Back in the 1950s, the doyen of crime reporting in Fleet Street was a hard-drinking maverick called Duncan Webb who famously exposed the notorious Messina vice gang which for years had run rings around Scotland Yard and terrorised London’s West End.
He refused to be intimated by appalling physical threats from the underworld and also exposed murderers, other mobsters, fraudsters, smugglers and spivs – and for his troubles was the victim of false criminal allegations made to the police (which were subsequently dropped).
More than 60 years after his death, he is a journalistic hero of mine. A gutsy reporter who had crime reporting in his veins.
And deep down he was the inspiration behind my decision to fly 6,000 miles to one of the most dangerous cities in the world to investigate the global rise of the Albanian mafia, which has ruthlessly seized control of the supply of cocaine in Ecuador to flood Britain’s streets with record amounts of the drug.
The idea of going to the ‘narco state’ had been on my mind for about 18 months since I was first tipped off that an ultra-violent Albanian underworld figure, Dritan Rexhepi, had been continuing to run his global cocaine business from his jail cell in Ecuador. He was serving a 13-year sentence for drug offences there.
When I learned in November that Rexhepi had been controversially released from prison and was thought to be stepping up operations to supply cocaine to the UK and Western Europe, I decided – after much deliberation about the security implications – to get on a plane and investigate. It is what Duncan Webb would have done.
For me, it was a great story which needed closer attention. How, according to law enforcement sources, had the Albania mafia managed to take on the Mexican and Colombian drug cartels in their own backyard?
When my photographer colleague Jamie Wiseman and I boarded our flight to Ecuador, we thought we might be there for a week or so. But we ended up spending close to a month there on what I would regard as the most dangerous assignment of my 30-year Daily Mail career.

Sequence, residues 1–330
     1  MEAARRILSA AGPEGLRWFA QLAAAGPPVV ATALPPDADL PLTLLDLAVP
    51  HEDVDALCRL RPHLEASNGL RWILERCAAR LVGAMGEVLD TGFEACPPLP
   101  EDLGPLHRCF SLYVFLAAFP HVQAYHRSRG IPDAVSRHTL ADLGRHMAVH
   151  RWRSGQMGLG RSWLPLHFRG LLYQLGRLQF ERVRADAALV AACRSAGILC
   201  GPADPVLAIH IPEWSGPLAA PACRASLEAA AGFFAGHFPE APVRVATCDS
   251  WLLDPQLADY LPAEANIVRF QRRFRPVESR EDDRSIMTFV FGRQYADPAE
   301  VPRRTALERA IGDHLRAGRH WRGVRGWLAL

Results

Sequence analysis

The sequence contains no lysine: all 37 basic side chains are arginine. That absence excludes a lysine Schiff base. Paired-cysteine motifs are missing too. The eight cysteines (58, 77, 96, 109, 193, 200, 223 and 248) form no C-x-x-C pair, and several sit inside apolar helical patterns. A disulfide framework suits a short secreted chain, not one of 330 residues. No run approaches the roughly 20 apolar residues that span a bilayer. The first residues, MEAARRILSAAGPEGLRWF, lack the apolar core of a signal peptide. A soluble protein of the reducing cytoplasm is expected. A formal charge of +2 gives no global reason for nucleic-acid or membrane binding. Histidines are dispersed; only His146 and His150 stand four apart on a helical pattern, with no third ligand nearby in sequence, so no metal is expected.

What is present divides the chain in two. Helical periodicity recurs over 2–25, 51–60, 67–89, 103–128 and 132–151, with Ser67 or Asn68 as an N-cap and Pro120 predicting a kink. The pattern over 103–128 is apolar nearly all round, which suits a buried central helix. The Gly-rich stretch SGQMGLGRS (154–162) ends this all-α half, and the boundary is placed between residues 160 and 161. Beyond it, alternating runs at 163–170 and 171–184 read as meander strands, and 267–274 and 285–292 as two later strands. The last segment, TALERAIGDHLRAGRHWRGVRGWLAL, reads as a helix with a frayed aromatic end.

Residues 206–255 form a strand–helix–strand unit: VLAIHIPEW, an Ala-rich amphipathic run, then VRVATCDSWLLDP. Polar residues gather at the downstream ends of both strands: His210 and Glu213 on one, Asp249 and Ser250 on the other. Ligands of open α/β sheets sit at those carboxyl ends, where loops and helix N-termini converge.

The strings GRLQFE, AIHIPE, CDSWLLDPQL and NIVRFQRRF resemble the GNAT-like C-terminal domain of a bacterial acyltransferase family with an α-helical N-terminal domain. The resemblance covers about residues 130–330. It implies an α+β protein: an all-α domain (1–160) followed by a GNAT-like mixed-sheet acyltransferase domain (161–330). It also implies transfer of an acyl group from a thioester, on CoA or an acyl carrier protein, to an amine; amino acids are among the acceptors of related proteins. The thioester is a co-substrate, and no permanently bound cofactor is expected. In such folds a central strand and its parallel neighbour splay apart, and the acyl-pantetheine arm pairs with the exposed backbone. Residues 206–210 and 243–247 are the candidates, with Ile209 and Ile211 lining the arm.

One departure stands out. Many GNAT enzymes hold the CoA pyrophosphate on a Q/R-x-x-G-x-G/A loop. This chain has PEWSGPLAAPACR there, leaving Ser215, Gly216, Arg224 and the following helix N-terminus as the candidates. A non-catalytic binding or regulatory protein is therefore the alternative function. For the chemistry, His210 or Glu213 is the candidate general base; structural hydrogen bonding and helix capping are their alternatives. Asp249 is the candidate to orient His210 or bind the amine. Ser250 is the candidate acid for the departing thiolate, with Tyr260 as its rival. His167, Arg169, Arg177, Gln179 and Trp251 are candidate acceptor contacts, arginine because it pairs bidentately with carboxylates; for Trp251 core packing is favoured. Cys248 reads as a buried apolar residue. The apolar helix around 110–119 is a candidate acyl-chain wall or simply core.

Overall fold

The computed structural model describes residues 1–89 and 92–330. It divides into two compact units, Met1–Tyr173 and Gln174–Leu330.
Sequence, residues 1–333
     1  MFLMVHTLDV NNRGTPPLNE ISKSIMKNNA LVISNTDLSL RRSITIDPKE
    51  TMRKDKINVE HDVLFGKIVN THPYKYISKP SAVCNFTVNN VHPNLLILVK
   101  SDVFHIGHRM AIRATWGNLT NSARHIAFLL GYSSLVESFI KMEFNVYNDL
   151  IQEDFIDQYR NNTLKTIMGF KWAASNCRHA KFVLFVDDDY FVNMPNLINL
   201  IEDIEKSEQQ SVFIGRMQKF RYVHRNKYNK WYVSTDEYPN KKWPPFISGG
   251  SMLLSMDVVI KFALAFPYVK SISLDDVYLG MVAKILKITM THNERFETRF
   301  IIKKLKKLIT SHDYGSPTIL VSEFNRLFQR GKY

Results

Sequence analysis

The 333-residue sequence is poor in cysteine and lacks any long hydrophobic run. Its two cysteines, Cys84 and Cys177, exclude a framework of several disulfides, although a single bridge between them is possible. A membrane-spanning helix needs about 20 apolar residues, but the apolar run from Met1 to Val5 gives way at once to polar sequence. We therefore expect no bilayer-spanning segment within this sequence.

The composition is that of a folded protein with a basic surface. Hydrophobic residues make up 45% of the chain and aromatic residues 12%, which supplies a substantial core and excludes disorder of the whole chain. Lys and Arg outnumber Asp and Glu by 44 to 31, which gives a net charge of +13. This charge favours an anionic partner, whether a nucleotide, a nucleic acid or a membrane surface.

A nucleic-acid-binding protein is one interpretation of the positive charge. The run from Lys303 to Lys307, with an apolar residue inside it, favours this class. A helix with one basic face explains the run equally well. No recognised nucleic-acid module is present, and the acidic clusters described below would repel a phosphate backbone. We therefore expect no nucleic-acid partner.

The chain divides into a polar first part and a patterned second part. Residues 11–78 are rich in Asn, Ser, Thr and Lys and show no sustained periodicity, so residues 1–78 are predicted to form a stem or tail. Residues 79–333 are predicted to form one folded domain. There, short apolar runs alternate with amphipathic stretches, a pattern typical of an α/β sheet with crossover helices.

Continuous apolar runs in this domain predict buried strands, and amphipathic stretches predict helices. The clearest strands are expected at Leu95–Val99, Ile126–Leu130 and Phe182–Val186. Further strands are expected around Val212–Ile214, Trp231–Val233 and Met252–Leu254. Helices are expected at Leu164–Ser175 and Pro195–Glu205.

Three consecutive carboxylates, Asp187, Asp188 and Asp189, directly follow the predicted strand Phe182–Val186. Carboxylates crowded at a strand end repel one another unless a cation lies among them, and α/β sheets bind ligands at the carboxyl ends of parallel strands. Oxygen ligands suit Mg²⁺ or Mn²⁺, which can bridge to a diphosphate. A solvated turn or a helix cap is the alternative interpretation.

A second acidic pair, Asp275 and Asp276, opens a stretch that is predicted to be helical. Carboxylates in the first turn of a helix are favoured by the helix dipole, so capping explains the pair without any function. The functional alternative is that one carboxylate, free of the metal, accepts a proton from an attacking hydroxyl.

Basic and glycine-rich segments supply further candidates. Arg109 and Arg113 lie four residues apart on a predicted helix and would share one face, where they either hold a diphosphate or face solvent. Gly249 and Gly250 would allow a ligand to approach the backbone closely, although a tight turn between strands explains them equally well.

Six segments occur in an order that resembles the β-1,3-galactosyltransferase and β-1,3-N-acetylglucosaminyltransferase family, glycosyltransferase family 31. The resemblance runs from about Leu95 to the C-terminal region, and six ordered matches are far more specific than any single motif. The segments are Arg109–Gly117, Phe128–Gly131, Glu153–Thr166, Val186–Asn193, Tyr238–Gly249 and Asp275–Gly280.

Why? Because Ecuador is rife with corruption in the police, Navy, judiciary, legal system and the Government. It is difficult to know who to trust. Life is incredibly cheap there, with the contract killing of a judge commanding a fee of just $5,000 and the southern port of Guayaquil (where we spent most of our time) now regarded as one of the 50 most dangerous cities in the world.
The product of our inquiries, both in Ecuador and the UK where we spent weeks investigating the drugs scene in Brighton and Hove where Albanian gangs are said to have taken control, have been revealed in a two-part Daily Mail investigation into the trail of destruction left by Britain’s insatiable demand for cocaine.
Featuring dramatic footage of gangland crimes, anti-narco patrols and the arrest of suspected drug smugglers, as well as expert analysis, the aim was to offer a high-quality new product for our readers. It was a challenge I was keen to embrace, as was Jamie, who filmed the documentary.
As ever when going to a hostile environment (the number of murders in Ecuador has nearly doubled in the last year as drug-related gangland feuds escalate), sorting out fixers and translators in advance was vital. Ensuring their safety was more important than ours and we put security measures in place due to warnings that we were at risk of being kidnapped or worse.
At times it felt like we were in the ‘wild west’ and police canceled plans to show us around one ghetto, because it was too dangerous for them, let alone us. Mob murders were a daily occurrence while a prison governor who stood up to gangsters was shot dead on his way to work a few miles from our hotel.
But slowly doors opened for us and briefings arranged with ministers, Customs bosses and police chiefs. We were invited on Navy operations off Guayaquil and witnessed the arrest of two drug smugglers caught with $20m of cocaine off the coast.
Through an intermediary, I eventually persuaded an Ecuadorian gangster – a murderous sidekick of the leader of the Latin Kings mob in the country (who is known as ‘Carlos the Devil’) – to tell his story. The Latin Kings, he revealed, work with Albanian narcos to flood Europe with cocaine.
And after days of trying, a prosecutor who had survived five gangster plots to kill him agreed to meet me in his parked car at a secret location. When I enquired about his brushes with death, he showed me a picture of a bullet hole in his windscreen from a previous assassination attempt.
One of the most poignant moments of our trip was when I interviewed the former girlfriend of a local journalist who was murdered while covering the activities of narco gangs. She was so appreciative that we were taking an interest in his case. I told her: ‘We are as one in the journalist community’.
Taking risks is part and parcel of investigative journalism, especially when covering crime. If our reporting better informs the public and helps save lives, then our trip will have been worth it.
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